How olympic medalist Leandro Vissotto fits well into USF volleyball’s vision

Volleyball assistant coach Leandro Vissotto, born in Brazil, moved to Florida with his wife and three kids in May. USF ATHLETICS PHOTO

Four-time world champion and two-time Olympic silver medalist is an understated introduction for USF’s new volleyball assistant coach Leandro Vissotto.

Those accomplishments are just the tip of the iceberg for what the honorable Brazilian volleyball player has accomplished in his career as a player.

Performing on some of the biggest competitive stages in the world, Vissotto has a well-rounded view on how a successful volleyball team should run both on and off the court.

USF announced the commitment of Vissotto on June 23.

Vissotto’s experience playing worldwide has allowed him to train under some of the best coaching staffs, such as Brazilian volleyball coach Bernardo “Bernardinho” Rocha de Rezende, a seven-time Olympic medalist.

“I have worked 15 years with [Bernardo Rocha de Rezende]. I learned so much from him not only on a technical level, but [also] on how to have the right behavior if you want to be a winner,” Vissotto said.

“You have to have a [winner mentality] on a daily basis and not only during the game.”

His strong game-winning mentality is something Vissotto embodies on a daily basis. It’s arguably one of the best assets he has brought to USF this season.

Coach Jolene Shepardson said despite his endless accolades as a player, one of the things that stood out to her was his humility as a person.

Having a familial atmosphere is a crucial aspect Shepardson tries to instill in her team’s culture.

“To be able to not have a big ego is very important in our profession because you are not a player anymore. It’s not about us, we have to help these young women to be successful,” Shepardson said.

“When you have a talented male [coach], you want to make sure they inspire them the right way and not intimidate them. One of the first comments [Vissotto] said was ‘You guys are professionals [and] I’m going to treat you as a professional.’”

As an offensive player, Vissotto has brought his technical style of coaching to USF focusing on blocking and capitalizing on the Bulls’ serves. He also has emphasized on looking back at game statistics and video footage for extra help.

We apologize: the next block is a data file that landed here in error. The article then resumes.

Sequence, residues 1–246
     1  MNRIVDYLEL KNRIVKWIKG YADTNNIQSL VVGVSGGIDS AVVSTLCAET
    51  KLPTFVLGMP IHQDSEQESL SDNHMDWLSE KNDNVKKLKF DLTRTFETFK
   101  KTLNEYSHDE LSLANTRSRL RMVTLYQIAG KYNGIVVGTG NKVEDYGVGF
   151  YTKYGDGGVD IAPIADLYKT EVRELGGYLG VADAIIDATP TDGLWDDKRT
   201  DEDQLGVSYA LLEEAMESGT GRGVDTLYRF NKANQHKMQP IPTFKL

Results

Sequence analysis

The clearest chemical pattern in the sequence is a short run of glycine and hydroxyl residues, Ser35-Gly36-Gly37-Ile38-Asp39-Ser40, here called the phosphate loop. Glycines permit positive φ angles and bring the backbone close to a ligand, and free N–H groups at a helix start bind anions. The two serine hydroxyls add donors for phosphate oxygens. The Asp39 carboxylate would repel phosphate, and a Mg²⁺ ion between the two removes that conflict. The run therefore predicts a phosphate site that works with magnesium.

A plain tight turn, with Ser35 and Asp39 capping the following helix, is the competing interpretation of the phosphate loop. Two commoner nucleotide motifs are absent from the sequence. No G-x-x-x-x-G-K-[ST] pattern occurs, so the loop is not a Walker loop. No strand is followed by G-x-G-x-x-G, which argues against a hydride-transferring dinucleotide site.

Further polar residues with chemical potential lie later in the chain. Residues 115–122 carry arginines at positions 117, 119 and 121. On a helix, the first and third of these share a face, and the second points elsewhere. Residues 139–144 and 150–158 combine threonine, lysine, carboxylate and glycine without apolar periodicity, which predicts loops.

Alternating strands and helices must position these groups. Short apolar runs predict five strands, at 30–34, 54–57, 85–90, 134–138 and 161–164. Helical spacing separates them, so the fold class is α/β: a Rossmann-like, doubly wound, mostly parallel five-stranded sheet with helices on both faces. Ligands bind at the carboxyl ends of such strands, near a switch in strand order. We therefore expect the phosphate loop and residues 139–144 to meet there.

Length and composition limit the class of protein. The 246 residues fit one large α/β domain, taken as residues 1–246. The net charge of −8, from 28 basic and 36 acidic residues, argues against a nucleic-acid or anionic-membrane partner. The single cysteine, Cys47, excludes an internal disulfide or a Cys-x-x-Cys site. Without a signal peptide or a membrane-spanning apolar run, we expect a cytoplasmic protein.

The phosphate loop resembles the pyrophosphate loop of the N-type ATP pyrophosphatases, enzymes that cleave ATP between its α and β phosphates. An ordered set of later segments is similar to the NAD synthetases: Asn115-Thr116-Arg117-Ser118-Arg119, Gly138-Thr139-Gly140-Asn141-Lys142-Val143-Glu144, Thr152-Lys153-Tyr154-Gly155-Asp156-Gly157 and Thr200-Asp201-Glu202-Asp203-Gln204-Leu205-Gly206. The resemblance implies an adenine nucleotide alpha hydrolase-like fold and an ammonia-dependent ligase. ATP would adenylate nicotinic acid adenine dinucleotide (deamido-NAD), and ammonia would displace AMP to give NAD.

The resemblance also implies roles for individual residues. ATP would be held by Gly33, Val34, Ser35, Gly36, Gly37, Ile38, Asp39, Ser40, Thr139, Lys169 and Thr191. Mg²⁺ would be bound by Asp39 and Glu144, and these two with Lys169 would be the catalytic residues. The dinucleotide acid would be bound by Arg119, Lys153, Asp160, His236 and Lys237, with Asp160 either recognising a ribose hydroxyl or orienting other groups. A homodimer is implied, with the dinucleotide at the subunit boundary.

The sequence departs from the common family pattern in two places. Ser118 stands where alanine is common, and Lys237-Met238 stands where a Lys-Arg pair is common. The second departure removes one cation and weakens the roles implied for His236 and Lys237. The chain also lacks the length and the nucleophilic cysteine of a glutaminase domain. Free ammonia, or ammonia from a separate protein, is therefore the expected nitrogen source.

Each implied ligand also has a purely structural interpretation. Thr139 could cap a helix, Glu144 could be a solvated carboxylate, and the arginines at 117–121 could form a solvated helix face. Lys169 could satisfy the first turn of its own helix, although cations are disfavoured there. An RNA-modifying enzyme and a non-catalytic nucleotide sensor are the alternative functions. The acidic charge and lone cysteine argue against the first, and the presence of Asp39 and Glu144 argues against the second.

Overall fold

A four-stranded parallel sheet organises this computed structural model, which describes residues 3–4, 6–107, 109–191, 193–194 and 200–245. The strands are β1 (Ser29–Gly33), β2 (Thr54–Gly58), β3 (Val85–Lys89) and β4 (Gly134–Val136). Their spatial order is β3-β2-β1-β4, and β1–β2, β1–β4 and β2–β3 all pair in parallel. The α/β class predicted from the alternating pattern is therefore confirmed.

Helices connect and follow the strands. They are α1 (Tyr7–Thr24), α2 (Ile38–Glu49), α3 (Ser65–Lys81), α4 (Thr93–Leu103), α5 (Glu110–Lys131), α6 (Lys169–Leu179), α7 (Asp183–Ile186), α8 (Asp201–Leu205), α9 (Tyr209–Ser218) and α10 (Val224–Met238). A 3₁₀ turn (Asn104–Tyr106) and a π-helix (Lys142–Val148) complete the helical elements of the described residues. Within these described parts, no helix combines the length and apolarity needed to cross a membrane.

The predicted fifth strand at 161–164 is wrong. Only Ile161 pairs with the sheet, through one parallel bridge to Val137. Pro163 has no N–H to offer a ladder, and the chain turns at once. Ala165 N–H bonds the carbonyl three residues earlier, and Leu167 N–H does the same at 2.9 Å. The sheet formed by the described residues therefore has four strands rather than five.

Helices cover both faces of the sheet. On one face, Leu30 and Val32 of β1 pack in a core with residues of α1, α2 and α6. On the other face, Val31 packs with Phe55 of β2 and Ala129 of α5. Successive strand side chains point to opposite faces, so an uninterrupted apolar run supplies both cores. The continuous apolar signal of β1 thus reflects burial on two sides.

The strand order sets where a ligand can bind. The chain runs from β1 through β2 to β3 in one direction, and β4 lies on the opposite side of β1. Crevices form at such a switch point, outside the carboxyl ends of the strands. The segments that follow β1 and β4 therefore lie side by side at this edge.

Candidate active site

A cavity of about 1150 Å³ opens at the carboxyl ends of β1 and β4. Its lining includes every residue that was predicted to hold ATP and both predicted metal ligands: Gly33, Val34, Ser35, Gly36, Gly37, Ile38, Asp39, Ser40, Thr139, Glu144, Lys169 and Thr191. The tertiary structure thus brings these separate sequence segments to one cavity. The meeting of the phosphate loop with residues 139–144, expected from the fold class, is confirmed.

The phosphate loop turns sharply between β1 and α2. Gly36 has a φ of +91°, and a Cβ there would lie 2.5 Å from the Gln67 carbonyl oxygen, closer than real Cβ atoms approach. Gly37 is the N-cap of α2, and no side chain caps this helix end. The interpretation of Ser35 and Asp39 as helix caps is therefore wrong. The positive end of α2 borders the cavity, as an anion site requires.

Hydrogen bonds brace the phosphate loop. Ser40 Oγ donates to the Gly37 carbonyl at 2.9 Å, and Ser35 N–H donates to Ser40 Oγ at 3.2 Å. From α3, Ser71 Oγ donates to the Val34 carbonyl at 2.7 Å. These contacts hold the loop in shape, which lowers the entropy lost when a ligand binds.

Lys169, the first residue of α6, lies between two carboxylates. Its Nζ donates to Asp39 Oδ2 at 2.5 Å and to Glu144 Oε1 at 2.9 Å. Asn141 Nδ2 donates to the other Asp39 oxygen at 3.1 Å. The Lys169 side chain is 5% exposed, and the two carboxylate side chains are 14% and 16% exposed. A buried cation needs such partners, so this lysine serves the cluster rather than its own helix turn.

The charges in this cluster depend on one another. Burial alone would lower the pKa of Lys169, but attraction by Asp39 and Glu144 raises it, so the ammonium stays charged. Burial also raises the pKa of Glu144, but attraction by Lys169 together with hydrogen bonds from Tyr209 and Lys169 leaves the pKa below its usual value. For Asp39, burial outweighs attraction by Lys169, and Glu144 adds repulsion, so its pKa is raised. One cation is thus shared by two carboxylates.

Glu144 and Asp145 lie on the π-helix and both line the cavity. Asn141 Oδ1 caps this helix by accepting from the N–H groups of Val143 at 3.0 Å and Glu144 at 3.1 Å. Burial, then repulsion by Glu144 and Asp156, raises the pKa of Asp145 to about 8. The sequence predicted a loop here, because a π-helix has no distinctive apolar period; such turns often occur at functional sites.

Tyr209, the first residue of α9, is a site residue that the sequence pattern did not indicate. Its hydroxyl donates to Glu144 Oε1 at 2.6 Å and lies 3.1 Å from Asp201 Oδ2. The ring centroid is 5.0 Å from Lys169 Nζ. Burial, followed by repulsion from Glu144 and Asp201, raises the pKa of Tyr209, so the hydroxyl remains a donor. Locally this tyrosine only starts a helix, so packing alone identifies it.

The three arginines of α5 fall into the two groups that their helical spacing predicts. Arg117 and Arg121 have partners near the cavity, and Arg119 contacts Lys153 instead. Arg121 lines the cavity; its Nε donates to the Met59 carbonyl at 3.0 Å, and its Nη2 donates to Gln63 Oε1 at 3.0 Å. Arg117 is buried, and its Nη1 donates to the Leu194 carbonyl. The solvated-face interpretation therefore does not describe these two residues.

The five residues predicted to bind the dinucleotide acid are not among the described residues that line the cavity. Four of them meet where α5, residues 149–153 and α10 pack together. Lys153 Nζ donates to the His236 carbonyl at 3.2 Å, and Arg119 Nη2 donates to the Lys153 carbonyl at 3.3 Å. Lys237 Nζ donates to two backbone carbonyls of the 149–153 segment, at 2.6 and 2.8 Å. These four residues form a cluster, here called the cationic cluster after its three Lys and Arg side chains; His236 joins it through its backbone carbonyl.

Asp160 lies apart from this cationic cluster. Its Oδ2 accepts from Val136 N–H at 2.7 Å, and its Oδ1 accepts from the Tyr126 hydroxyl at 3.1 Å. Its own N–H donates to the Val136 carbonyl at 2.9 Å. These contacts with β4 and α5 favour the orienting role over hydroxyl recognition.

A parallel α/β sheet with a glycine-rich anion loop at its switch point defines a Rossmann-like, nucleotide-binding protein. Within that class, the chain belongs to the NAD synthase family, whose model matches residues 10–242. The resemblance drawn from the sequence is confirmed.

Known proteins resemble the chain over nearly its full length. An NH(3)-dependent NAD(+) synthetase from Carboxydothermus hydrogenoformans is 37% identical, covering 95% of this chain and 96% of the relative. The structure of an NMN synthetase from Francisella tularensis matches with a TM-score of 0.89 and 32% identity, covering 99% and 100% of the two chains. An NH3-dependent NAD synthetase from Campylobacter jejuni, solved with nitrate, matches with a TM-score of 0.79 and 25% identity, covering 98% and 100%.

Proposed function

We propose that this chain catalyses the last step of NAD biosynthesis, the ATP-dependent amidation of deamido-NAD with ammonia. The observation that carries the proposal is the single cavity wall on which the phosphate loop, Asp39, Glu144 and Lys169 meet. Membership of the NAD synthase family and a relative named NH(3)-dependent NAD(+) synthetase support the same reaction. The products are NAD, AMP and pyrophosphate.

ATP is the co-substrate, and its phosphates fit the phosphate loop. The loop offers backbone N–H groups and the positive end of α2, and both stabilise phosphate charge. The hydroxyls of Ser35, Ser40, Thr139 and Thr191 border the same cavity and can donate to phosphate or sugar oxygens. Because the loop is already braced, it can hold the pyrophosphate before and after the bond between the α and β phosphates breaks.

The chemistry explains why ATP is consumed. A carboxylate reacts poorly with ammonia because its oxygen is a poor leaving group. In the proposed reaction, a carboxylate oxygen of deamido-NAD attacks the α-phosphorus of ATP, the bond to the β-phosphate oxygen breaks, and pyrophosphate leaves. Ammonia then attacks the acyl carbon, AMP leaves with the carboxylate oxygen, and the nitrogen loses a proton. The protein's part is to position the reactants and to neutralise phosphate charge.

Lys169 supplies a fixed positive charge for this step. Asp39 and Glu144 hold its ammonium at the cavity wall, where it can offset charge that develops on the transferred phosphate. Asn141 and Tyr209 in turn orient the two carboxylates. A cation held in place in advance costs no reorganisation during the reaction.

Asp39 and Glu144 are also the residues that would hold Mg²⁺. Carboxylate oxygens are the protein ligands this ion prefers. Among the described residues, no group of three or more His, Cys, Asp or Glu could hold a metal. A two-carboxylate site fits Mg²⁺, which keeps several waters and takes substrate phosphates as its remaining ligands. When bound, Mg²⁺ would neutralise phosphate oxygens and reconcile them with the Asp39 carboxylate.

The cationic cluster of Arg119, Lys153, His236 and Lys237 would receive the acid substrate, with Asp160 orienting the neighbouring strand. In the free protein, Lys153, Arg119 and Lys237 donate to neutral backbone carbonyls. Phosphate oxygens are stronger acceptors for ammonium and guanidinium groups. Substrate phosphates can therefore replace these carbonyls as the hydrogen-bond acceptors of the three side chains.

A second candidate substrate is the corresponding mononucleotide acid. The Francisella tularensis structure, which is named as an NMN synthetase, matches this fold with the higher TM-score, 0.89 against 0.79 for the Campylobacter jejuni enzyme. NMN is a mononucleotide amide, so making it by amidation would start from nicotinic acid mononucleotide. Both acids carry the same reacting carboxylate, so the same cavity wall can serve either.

USF has seen results since these changes were implemented. The team has had their best conference season start since Shepardson’s commencement with the program in 2020.

Shepardson said the team’s serving has always been their strong suit. However, since Vissotto’s arrival, he’s noticed that USF is more likely to score on their serving than their reception.

“He played in Italy [where] they dive into stats. I’m even learning a lot like what our volume metrics and our stats are saying about us. He’s able to give [the team] the facts and that’s helping our young women to be more efficient,” Shepardson said.

Both Vissotto and Shepardson have worked cohesively together since the beginning of the season. Her open ear to Vissotto’s critiques has made his transition to USF easier, he said.

Along with Shepardson’s cooperation, Vissotto naturally has a familial characteristic as well. He said it’s important to embrace this if the program wants to have a successful team.

“I just try to be myself, I’m a family guy,” Vissotto said. “I have three kids, a wife [and] I love my family. It’s something really natural for me to have this behavior because nobody does anything alone.”

“We have to be united if you want to reach big things. [The staff] tries to work to the better of the team [and] the program. All the time [the staff] tries to do the best for everyone,” Vissotto said.

Vissotto said his goal as a coach here is to help the team win more championships. Although the team has improved from previous seasons, Vissotto said he still sees room for improvement.

Since Vissotto doesn’t play professionally anymore, a way he would like to continue his legacy at South Florida is to help strengthen the game-winning vision of the program.

“That is the culture I want to create. As a player, it’s easy because I can do the job myself. As a coach [though] it’s not as easy to stay out of the court [and] help guide them,” Vissotto said. “I want to be the champion of the conference. My goal is to always be on the top.”